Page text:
The republication of Karl Korsch's Karl Marx (1936) makes available to a new generation of readers the most concise account of Karl Marx's thought by one of the major figures of twentieth-century Western Marxism. Originally written for publication in a series on 'Modern Sociologists', Korsch's book sought to bring Marx's work to life for an audience of non-specialist readers. As Michael Buckmiller writes in his new introduction to the work, Korsch wanted his book to serve as a passport into the non-dogmatic sections of the American labour movement. The result is a bracing, concise, and accessible overview of the entirety of Marx's thought, and a pungent history of 'Marxism' itself.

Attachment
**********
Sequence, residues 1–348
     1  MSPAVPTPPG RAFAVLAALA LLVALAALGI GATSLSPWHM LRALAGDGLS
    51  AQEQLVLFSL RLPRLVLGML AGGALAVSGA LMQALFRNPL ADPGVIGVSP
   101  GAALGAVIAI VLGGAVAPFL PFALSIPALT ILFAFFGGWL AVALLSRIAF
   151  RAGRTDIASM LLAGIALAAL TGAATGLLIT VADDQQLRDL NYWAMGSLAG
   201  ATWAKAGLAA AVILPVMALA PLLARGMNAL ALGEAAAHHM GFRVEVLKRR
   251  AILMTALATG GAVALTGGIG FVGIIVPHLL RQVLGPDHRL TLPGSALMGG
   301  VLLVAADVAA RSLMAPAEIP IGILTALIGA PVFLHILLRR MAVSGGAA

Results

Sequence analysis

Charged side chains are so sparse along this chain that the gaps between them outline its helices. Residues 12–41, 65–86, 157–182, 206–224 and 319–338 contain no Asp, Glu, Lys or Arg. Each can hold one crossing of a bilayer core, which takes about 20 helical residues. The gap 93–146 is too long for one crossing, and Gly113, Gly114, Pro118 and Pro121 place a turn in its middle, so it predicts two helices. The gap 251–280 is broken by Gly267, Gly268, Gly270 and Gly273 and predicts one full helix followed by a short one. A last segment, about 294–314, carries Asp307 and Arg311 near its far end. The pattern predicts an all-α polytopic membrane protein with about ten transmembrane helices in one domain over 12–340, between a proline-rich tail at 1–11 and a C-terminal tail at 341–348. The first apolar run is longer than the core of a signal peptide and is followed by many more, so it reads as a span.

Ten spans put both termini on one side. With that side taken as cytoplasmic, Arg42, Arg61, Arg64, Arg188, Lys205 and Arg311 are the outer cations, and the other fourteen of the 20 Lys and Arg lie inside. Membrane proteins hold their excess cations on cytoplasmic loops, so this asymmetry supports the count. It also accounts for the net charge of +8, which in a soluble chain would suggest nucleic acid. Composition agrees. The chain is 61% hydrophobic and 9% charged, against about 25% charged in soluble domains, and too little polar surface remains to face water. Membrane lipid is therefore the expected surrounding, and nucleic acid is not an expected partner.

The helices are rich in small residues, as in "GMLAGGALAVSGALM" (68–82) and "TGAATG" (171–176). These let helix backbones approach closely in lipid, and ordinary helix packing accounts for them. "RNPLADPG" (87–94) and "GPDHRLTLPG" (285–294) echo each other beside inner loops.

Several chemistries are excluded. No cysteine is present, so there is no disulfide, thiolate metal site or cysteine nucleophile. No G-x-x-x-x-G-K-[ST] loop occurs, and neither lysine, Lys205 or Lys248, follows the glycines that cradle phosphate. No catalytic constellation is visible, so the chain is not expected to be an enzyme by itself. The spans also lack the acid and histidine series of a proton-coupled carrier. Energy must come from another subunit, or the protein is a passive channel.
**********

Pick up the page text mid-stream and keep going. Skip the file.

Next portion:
"[I]n its compactness and objectivity the book is a useful theoretical tool for proletarian class aspirations, we cannot in reviewing it do better than to indicate, though inadequately, its richness and value."